A bravura performance . . . A subtle and complex creation, dealing with epic subjects with invention and courage and a great deal of heart.

Washington Post Book World - Jane Smiley

There are few ambitious, successful and beautiful novels. Lucky for us, we have one now, in Barbara Kingsolver's The Poisonwood Bible . . . his awed reviewer hardly knows where to begin.

The Boston Globe

The book's sheer enjoyability is given depth by Kingsolver's insight and compassion for Congo, including its people, and their language and sayings.

Publishers Weekly

In this risky but resoundingly successful novel, Kingsolver leaves the Southwest, the setting of most of her work (The Bean Trees; Animal Dreams) and follows an evangelical Baptist minister's family to the Congo in the late 1950s, entwining their fate with that of the country during three turbulent decades. Nathan price's determination to convert the natives of the Congo to Christianity is, we gradually discover, both foolhardy and dangerous, unsanctioned by the church administration and doomed from the start by Nathan's self-righteousness.......Kingsolver moves into new moral terrain in this powerful, convincing and emotionally resonant novel.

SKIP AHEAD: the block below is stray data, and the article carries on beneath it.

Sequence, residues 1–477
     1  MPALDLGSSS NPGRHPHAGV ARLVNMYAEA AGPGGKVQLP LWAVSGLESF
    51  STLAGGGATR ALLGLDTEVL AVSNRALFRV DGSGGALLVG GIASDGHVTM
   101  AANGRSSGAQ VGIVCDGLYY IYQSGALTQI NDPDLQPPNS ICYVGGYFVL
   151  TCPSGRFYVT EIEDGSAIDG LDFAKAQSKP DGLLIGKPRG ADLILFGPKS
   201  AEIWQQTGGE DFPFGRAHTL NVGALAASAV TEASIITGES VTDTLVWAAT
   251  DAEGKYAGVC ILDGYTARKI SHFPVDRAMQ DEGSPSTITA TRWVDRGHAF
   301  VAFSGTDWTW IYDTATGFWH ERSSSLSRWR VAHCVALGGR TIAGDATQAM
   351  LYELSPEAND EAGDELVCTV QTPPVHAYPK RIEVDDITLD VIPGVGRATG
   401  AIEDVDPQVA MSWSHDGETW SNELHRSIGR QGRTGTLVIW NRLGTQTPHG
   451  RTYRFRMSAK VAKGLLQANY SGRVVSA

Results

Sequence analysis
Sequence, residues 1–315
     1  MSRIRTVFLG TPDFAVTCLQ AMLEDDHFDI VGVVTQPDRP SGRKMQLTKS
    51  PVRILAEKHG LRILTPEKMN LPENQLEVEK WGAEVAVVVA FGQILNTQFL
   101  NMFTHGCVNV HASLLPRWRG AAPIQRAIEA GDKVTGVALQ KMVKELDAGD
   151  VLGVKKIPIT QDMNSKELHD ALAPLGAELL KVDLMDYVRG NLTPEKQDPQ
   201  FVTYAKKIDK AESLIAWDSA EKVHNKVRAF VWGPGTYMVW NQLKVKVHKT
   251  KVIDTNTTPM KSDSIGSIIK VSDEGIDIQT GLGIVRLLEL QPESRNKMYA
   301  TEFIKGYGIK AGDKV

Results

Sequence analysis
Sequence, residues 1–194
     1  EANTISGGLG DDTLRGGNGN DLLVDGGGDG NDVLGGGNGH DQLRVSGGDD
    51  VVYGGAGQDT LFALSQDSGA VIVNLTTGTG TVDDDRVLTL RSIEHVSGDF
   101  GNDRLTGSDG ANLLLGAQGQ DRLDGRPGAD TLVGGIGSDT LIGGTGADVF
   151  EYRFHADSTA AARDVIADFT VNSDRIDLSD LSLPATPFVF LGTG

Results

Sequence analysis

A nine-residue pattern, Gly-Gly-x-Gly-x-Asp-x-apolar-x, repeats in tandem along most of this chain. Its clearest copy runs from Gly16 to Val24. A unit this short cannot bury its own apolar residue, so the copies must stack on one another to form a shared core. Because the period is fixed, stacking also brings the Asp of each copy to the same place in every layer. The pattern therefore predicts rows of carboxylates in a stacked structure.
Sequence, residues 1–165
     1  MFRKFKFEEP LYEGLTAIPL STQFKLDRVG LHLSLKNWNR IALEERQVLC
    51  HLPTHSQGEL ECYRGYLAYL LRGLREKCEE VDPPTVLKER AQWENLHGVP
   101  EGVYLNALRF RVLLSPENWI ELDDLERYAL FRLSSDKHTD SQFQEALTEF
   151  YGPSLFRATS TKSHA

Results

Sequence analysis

Reader Reviews
Dlee

Poisonwood Bible is Poisonous Crap.
This book was highly recommended; yet I am struggling like mad to get through it. I am not impressed. You have to really like slow books to like this one.

Scott

Could be better
I picked this book up after reading reviews on cover. It started well but lost its way about half way through. Kingsolver has done a beautiful job of describing the country and the character development of the daughters was great, but the male ...   Read More

Michael

Fell Asleep on Page 50
This book was a waste of my time. Confusing at times with all the character switches and narrations. It was filled with religious allusions which bugged me to no end (and I'm even religious!) Drawn out and boring in large sections. As one review said...   Read More

BHLee

Eyes Wide Open
An excellent study of the power of Faith, blind or otherwise. I'm a Christian but I am not in any way offended by Kingsolver's portrayal of the Prices. In fact, the family's journey in the story made me more reflective and appreciative of the need to...   Read More